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Tibet mudslide death toll rises to 702, Tibetan exiles offer prayers: Update
Phayul[Tuesday, August 10, 2010 15:09]
August 10: (UPDATE) Death toll from landslides in Tibet's Amdo Province has more than doubled Tuesday to 702, with 1,042 others still missing, Chinese state media said late Tuesday.

Some 1,243 people have been rescued and 42 of them were found seriously injured, Xinhua said, quoting Tian Baozhong, head of the Chinese provincial civil affairs department.

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By Phurbu Thinley

Dharamsala, August 10: Tibet's government in exile Tuesday organised a mass prayer service for the victims and survivors of devastating mudslides that struck Drugchu County (Ch: Zhuoqu County) in Tibet's Amdo province early Sunday.

A woman mourns the death of her relative killed in devastating landslides in Zhouqu County, China, on Monday. (Photo: AP)
A woman mourns the death of her relative killed in devastating landslides in Zhouqu County, China, on Monday. (Photo: AP)
The latest death toll has surged to 337, as rescuers continued desperate search for more than 1,000 others still missing, Chinese state-run news agency Xinhua said Tuesday.

Hundreds of Tibetans gathered at the main Tibetan temple (Tsuglagkhang) here to offer special prayers for thousands of people affected by floods and mudslides in the region.

The hour-long prayer service, led by monks of Namgyal Monastery, was organised by the Kashag and the Department of Religion and Culture of the Central Tibetan Administration and was attended by entire staff of the administration.

The death toll jumped to 337 late Monday from an earlier figure of 137, Xinhua said, quoting Chen Jianhua, communist party chief of Gannan 'TAP'.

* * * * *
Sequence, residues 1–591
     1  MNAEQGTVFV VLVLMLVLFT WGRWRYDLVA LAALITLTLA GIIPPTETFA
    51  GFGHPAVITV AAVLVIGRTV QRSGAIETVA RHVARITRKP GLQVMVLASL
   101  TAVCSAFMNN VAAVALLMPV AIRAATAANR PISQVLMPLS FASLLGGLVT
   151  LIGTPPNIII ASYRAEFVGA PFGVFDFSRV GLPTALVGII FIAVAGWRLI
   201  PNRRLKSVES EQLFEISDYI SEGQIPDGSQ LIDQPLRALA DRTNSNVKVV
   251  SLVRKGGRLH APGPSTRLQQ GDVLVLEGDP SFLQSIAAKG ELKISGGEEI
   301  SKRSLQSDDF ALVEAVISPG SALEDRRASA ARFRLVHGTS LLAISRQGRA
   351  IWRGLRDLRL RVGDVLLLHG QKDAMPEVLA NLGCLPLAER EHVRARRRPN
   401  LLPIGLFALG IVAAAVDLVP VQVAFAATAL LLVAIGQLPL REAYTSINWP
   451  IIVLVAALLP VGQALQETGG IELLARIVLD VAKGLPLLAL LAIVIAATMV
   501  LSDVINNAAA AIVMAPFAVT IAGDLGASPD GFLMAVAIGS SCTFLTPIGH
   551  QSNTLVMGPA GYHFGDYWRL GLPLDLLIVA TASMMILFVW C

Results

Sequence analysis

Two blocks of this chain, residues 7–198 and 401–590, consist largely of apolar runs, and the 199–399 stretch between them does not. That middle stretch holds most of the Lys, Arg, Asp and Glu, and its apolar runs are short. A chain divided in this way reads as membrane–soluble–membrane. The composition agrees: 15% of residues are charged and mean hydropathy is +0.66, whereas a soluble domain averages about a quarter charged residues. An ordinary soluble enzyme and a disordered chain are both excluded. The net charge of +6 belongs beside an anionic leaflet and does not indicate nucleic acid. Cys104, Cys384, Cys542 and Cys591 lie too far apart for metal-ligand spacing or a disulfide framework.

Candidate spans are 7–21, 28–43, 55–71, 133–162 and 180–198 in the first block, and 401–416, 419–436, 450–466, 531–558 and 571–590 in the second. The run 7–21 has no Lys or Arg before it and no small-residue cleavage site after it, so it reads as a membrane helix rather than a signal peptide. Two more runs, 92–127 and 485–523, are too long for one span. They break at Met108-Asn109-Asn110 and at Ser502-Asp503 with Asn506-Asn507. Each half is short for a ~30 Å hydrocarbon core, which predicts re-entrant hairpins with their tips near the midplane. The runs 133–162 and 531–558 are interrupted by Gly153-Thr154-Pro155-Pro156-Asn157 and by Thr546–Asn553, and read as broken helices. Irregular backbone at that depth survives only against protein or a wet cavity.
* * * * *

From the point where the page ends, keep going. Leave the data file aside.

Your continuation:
Another 1,148 are still missing, the report said.

According to the report, at least 30 percent of the local population are Tibetan. Many people have half Tibetan, half Chinese names, as a result of intermarriages between the two ethnic groups, Xinhua said.

Chinese media called it a rain-triggered mudslides, but a collaborative investigation by a Beijing-based Tibetan writer Woeser suggested that the landslide appeared to be a man-made disaster.

The findings said excessive mining activities, construction of number of hydroelectric power plants and other development activities, and heavy deforestation taking place in Drugchu County area could have triggered the mudslides.

The investigation, citing Chinese government reports, found more than 60 incidents of landslides in Drugchu County alone in the past, and 13 of them were said to be serious cases that threatened the safety of local residents.
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